Forecast Discussion:

Things are quiet locally with a big warm up in store for us over the weekend. A ridge is moving overhead and a stationary front will push east as a warm front early today (Figure 1). The monster storm, now down in Texas, is headed to meet the cold air associated with the high pressure centered over Missouri and Illinois right now. Enjoy this wonderful weekend!

Figure 1: The current surface analysis map from Friday PM and from

The longer range forecast:

By Sunday, we’ll see a ripple and weak cool front kick up mountain snows to our west, but in town, we’ll be high and dry. The monster storm is really dumping rain, ice, sleet and snow on the southeastern U.S. states by the end of the weekend (Figure 2).

Our next chance of snow comes with a cold front and upper air trough coming in on Wednesday night (Figure 3). The upper air trough looks pretty significant (Figure 4 – red line on top of us and cutoff isopleth overhead) with a good blob of surface precipitation over the region (Figure 5). Figure 3 still only forecasts about an inch of snow then. We’ll keep watching it, as always.

Long Range (fantasy) Christmas Forecast:

There still is no hint of a major snow storm between now and Christmas Day for Longmont. Christmas Eve and Day look to be in the 30’s F for highs and around 10°F for lows. Christmas Eve is cloudy while Christmas Day is clear. We’ll watch that too as the weeks pass.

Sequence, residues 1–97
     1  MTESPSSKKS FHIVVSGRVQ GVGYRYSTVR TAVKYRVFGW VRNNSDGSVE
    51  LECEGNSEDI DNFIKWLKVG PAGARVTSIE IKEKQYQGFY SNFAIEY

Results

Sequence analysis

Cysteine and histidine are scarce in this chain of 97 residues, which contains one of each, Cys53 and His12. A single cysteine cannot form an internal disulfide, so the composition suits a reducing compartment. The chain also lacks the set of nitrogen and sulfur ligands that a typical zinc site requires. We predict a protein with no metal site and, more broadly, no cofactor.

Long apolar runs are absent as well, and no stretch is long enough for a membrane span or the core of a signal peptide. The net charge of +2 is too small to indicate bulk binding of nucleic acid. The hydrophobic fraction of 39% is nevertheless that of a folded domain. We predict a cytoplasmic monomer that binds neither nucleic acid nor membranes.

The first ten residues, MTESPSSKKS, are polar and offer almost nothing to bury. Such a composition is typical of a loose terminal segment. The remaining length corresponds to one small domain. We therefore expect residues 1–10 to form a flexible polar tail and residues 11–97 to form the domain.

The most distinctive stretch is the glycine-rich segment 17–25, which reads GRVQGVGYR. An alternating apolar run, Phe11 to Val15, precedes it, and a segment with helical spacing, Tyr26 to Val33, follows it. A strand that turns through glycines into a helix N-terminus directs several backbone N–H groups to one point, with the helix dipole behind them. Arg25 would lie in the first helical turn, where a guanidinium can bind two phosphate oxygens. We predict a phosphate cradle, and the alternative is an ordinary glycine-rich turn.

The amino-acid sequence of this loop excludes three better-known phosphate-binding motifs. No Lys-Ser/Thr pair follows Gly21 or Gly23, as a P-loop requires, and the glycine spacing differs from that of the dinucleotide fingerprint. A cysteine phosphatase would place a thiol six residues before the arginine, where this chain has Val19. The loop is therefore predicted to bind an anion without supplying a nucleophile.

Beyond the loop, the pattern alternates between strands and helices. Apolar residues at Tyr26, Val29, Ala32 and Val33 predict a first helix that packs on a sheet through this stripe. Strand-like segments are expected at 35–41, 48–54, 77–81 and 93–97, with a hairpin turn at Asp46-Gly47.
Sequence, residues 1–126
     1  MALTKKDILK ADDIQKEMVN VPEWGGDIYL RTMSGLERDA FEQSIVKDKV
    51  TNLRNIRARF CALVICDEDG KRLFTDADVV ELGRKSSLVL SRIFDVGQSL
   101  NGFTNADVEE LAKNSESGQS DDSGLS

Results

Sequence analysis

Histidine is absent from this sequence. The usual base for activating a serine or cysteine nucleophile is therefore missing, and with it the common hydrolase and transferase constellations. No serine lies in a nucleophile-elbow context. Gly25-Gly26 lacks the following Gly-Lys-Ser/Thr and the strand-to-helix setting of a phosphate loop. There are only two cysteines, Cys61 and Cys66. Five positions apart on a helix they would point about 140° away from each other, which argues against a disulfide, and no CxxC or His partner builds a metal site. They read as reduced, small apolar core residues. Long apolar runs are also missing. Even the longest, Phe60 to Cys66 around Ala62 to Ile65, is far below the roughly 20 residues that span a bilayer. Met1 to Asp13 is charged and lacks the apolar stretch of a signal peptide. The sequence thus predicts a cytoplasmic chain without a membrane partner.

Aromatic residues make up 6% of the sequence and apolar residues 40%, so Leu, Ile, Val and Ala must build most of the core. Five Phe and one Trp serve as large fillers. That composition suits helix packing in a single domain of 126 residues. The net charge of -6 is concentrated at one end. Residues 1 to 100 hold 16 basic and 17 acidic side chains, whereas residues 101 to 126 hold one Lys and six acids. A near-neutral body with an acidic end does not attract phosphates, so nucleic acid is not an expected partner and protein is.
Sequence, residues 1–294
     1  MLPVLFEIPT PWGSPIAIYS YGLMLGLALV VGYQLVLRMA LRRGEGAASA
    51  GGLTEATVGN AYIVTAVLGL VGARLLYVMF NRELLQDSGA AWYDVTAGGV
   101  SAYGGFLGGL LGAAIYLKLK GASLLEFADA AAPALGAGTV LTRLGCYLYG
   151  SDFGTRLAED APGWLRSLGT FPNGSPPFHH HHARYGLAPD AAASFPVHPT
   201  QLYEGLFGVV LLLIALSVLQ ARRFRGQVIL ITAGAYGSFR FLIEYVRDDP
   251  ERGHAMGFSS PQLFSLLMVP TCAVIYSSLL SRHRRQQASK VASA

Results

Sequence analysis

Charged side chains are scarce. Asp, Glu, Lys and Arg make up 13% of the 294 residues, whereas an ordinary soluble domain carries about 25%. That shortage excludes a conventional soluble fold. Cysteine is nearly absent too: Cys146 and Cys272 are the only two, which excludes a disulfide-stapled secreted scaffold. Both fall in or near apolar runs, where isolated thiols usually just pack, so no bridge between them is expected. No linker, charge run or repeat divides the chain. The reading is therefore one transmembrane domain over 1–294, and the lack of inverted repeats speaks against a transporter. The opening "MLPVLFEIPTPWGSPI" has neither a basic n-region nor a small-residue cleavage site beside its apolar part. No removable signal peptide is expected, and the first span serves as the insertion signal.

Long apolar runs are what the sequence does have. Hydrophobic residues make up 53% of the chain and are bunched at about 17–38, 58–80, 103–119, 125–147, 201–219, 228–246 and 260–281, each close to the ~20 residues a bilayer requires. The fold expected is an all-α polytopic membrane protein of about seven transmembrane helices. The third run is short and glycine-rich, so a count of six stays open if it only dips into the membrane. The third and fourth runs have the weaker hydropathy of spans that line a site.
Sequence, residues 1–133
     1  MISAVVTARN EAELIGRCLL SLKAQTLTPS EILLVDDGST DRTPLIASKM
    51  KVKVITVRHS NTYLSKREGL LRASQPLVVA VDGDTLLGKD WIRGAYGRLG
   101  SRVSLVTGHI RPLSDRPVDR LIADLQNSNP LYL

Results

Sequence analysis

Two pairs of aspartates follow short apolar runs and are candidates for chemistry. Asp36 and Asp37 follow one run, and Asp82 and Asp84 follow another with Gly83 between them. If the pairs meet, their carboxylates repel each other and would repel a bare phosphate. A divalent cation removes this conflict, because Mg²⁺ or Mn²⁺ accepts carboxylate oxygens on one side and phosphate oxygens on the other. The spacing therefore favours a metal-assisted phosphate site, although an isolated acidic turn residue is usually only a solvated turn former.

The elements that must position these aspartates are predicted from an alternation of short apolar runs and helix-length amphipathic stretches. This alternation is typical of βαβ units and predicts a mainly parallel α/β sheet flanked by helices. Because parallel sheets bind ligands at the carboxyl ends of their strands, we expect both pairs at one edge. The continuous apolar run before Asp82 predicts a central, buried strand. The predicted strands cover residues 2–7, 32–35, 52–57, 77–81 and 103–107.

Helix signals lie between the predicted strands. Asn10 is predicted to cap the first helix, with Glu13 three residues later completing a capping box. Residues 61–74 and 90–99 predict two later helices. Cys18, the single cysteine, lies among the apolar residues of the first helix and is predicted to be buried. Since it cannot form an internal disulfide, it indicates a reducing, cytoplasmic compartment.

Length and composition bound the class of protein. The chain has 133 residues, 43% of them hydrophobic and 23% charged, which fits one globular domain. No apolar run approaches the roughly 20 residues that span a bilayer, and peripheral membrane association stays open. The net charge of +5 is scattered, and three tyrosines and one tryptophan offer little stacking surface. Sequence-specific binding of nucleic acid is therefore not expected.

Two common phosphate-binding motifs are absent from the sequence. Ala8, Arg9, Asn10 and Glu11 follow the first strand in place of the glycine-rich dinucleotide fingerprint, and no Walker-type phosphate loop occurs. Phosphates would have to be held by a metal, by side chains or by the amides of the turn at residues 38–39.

Figure 2: The forecast surface map for Saturday night. From NCEP.
Figure 3: the graphical forecast for the next 10 days forecast for Longmont, CO from
Figure 4: The 500mb forecast upper air analysis for Thursday AM. Pink dot is Longmont. Red lines are troughs, blue lines are ridges.
Figure 5: The surface forecast analysis for Thursday AM. Pink dot is Longmont.


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John Ensworth works from Longmont as the Principle Investigator for the NASA Science Mission Directorate Earth and space science education product review through the IGES (The Institute for Global Environmental Strategies – . He is in his 14th year running this review. He is an astronomer (from the 2nd grade onward) and became a meteorologist (in the 5th grade) when a thunderstorm in Arizona rained on his telescope when the weather service had only forecasted a 10% chance of rain. He has college degrees in physics and astronomy and climatology and a graduate degree in meteorology and earth science. He lectures at the Little Thompson Observatory in Berthoud, the Estes Park Memorial Observatory in Estes Park, and for a number of online universities. He built and runs a backyard observatory near Pace and 17th in northeast Longmont where he has lived for 8 years with his wife, daughter, son, and two cats. Invitations to open house nights at this observatory, LTO, and EPMO will be posted with future discussions when they are scheduled. Forecasting severe weather and snow amounts via text lead to this column. He began texting friends about the weather right after the September 2013 flood. The readers of this column will, hopefully, keep him honest in what he ‘thought’ he had forecasted for ‘the most recent’ storm.

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